Ma is the sun around which the other planets in the story orbit, including the four members of her band: trumpeter Levee (Boseman), band leader and trombonist Cutler (Colman Domingo), bassist Slow Drag (Michael Potts) and pianist Toledo (Glynn Turman). Also in the mix are her nephew Sylvester (Dusan Brown) and her lover Dussie Mae (Taylour Paige). But it’s the fiery, angry Levee — scarred by his childhood experiences and hungry to start his own band — who sets himself against both Ma and his bandmates and acts as a catalyst for the story’s events.

Wolfe continues, “That’s what dictates the journey — the human truth, the human frailties, and the human strength, and how they dance together and how characters stand in opposition to one another. So that’s the challenge, and the cast is extraordinary and they are completely and totally gifted, and that’s why we chose them to be in the film so that, therefore, we thought they could fully embody, in an astonishing way, the truth.”

For the actors, it all begins with the words set down by Wilson, who died in October 2005 at the age of 60 shortly after the premiere of the final “Pittsburgh Cycle” play, Radio Golf. “You first begin with trusting August Wilson,” says Michael Potts. “You trust the words of August Wilson because you can’t say it any better than he says it. And then you do your homework. You figure out what it is that drives these characters. What do they want in life, where are they presently in their lives, and how these desires or these impediments are related to everybody else in the story that you’re telling?”

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Potts continues, “So you learn the history — the relationships that I have with Cutler and Toledo and Levee. Really what we’re doing is playing a scene that is happening in this one particular day. So you try to make it as specific as possible based upon the given circumstances. You have to trust your fellow actors that you’re in. Trust August Wilson, trust your fellow actors that you’re in the piece with, and listen. Listen very, very closely.”

“As a Black performers, we’re used to searching for roles that have depth, roles that have a shelf life, roles that are accepted by a vast audience,” says Glynn Turman. “We look for those roles but they’re not always there. And Mr. Wilson broke through a glass ceiling, so to speak, when he presented his canon of work for black performers, 10 wonderful plays with numerous different characters to play…It means a lot when anything happens that furthers his mission, which is to bring awareness of a people’s culture, life, and experiences, in a form that is entertaining enough to make us inclusive in the American story.”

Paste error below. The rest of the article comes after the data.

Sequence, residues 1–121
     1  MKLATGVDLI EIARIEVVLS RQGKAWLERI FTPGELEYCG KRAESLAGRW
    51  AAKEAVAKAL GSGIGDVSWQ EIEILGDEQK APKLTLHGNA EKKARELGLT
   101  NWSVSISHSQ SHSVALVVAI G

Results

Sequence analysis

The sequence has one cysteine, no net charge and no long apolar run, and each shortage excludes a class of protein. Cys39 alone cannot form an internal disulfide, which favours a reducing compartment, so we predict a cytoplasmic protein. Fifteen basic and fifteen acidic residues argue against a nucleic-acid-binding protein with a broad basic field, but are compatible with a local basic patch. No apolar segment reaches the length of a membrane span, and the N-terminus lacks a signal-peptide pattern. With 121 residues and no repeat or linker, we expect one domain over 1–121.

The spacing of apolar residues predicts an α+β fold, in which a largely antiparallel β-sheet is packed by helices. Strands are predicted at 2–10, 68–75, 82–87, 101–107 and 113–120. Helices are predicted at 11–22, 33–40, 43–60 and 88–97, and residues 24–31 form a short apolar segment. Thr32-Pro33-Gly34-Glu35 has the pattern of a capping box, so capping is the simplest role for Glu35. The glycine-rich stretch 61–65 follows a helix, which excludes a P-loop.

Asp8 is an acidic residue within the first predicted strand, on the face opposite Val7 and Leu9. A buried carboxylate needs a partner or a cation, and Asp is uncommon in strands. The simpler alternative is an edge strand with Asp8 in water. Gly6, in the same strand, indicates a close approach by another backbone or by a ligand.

George C. Wolfe says that while Ma Rainey’s Black Bottom clearly touches on themes and situations regarding race, religion and culture that are still with us today, he’s not concerned with how those themes find a way to resonate with audiences in 2020.

“If you do the hard work, the message reverberates,” he explains. “I was intrigued by the potency of Ma. I love the fact that she did not ask for anyone’s approval. I was really drawn toward Levee’s desperation to succeed so much so that he ends up making foolish management and artistic decisions. I was drawn toward all these stakes, which continue to reverberate today, but I couldn’t think about today.”

Glynn Turman feels that the central question of the play and the movie is very much still on the frontline of the Black experience today. “(Wilson) asks a really important question: what is the black man going to do with himself?” he says, “And that’s followed by the idea that we’ve got to come together, all of us, and work together — I can’t do this by myself.”

He adds, “You throw all that out the window and you come together and you work together. Then you stand up and you can be counted as individuals who take control of their destiny. So it answers the question, what’s the black man going to do with himself? (That’s why) this is the right movie, the right story, for the right time, in the right venue.”

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Ma Rainey’s Black Bottom is available to stream on Netflix now.